But experts warn that convenience can sometimes come at an unexpectedly high price, particularly for those who turn to free classified sites like Craigslist for real estate-related transactions. Despite the media spotlight on the dangers of Craigslist in recent years, it appears that online rental scammers are still out in full force, preying on unsuspecting renters and landlords alike.
Just this January, a couple from Lynchburg, Va., were scammed out of $1,000 and confronted by the police because of a fake rental listing they'd responded to on Craigslist.
Richard and Faith Shive (pictured left) thought they'd found a beautiful vacant home and planned to rent it from the listing's author. The landlord claimed in the ad that he was away on a humanitarian "mission," and needed to rent the property in the interim. Convinced the story was true, the Shives wired a requested $1,000 fee to the renter, received the keys, and then moved into the empty house.
Two days later, police officers showed up at the Shives' "new home," demanding that they leave. It turns out that, while the home was legitimately listed for rent on the market, the unscrupulous party that advertised the rental on Craigslist was not the rightful landlord. The police informed the couple that the scammer had broken into the home and posed as the rightful owner only to make off with their deposit.
"They just made it sound believable," Faith told CBN News. "I didn't suspect anything."
And it's not just renters getting swindled -- landlords appear at risk, too. In another recent incident, Georgia resident Robert Fulton claimed that he got scammed out of $2,200 by a pair of prospective renters after he'd posted an ad on Craigslist to lease out his empty basement.
The pair reportedly sent him a $3,500 check as an advance on the rent, then asked him for a favor. Fulton claims that they requested he send the $2,200 they had "overpaid" him to an acquaintance of theirs to help "cover moving expenses." Though Fulton says that he had his suspicions, he went through with the transaction as the first check appeared to have cleared.
Search Millions of Home Listings View photos of homes for sale and apartments for rent See Homes for Sale on AOL Real Estate See Rental Listings on RentedSpaces But it hadn't.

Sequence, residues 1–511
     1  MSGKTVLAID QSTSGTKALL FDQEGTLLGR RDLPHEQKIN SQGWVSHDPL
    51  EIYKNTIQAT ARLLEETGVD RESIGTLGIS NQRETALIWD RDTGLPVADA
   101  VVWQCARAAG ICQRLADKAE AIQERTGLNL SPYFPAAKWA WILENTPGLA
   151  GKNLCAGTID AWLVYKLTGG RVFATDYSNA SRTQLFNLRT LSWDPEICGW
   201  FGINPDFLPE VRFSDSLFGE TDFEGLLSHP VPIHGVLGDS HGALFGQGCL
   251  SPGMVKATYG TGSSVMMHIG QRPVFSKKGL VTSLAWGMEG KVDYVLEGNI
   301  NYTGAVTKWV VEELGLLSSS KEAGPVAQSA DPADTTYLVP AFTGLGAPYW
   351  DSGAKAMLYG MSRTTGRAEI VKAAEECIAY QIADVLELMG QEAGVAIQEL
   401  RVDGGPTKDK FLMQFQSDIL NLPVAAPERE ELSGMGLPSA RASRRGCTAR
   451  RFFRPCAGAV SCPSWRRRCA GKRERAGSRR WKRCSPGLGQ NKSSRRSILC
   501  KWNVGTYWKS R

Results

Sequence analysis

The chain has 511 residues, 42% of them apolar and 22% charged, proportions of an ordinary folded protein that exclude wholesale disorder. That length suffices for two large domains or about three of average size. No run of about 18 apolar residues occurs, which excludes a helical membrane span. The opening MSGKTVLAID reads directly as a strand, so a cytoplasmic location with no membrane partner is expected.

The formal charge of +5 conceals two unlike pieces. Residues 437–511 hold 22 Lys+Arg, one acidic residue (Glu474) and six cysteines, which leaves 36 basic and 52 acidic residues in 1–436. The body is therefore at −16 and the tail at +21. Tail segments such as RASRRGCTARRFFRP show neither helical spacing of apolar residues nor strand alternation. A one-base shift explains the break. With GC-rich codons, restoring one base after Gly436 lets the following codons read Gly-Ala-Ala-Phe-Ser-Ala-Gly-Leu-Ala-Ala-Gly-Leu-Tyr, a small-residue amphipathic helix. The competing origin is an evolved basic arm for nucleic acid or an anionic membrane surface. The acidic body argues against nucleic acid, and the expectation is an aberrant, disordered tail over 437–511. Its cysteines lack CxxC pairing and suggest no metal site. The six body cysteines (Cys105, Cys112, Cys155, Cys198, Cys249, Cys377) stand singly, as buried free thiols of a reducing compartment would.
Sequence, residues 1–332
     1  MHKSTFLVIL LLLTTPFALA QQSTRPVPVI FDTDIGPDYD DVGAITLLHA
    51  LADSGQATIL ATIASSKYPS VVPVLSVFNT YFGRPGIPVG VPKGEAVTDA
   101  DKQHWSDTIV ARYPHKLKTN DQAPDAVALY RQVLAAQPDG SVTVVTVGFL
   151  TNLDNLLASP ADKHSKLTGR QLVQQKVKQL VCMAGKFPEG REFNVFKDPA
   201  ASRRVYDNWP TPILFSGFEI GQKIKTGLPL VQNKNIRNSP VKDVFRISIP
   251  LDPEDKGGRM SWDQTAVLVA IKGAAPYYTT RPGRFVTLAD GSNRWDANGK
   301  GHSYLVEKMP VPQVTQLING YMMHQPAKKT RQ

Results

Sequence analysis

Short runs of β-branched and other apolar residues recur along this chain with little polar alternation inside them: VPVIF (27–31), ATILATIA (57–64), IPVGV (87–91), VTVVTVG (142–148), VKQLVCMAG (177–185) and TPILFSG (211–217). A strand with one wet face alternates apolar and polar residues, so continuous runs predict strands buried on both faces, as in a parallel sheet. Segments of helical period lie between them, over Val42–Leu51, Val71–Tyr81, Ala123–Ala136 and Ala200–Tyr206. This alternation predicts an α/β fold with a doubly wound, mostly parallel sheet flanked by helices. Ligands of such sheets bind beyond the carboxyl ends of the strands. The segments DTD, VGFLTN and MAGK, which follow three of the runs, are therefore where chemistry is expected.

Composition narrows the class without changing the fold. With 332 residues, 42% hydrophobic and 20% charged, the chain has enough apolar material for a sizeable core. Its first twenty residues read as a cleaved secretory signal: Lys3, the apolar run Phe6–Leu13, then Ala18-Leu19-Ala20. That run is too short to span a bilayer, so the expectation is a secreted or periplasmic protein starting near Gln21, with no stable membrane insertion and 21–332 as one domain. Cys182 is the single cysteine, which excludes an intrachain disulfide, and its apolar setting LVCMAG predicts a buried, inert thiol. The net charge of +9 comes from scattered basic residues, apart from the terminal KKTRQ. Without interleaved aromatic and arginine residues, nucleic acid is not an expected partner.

"A couple weeks later I got an email from the bank saying the check was no good," Fulton told WSB-TV. He told the television station that after he'd called the scammers about their ploy, they propositioned him to join them in making counterfeit checks, just like the one they'd allegedly used to rip him off in the first place.
"They said, 'Why don't you get involved with us and you can make some money? You can make all your money back,' " Fulton said.
But experts are skeptical that such duped consumers will ever see that money again.
An Online Money Trap
"Unfortunately, it's not likely Fulton will get his $2,200 back," Janet Hart from the Better Business Bureau told AOL Real Estate. "It's probably in another country and he doesn't even know about it. Wire transfers are irretrievable."
Hart, an expert on consumer fraud, reveals that sadly, Craigslist real estate scams are still happening very frequently. Cashing in on fake advance rent checks, like in Fulton's case, is one of the "most popular" Craigslist scams, she says, along with selling and renting "fake" homes. (That's advertising unlisted homes for bargain prices to out-of-town buyers who cannot physically check on the home, and then asking for a "holding fee" to be wire-transferred to an account, like in the Shives' case.)
How to Protect Yourself
Hart warns consumers that diligence is key. You can help safeguard yourself from these scams by avoiding any wire transfers, unless it is to or from a large and reputable organization. Also, if someone's offering you a lot more money than you're asking for in a simple real estate transaction, just don't take it.
"If it sounds too good to be true, it probably is," Hart advises.
AOL Daily Finance also advises that if you are renting a place online and cannot physically see the place for any reason, at the very least you should Google the home's address and do some online research on the property before forking over any money. If the home shows up as a "for sale" home, there could be a problem.
"You can never be too careful," Hart adds. "Ask around and do your research before any online transaction, especially with things involving a lot of money like houses and cars."
For more tips on how to avoid a Craigslist real estate scam, make sure to read our guide.
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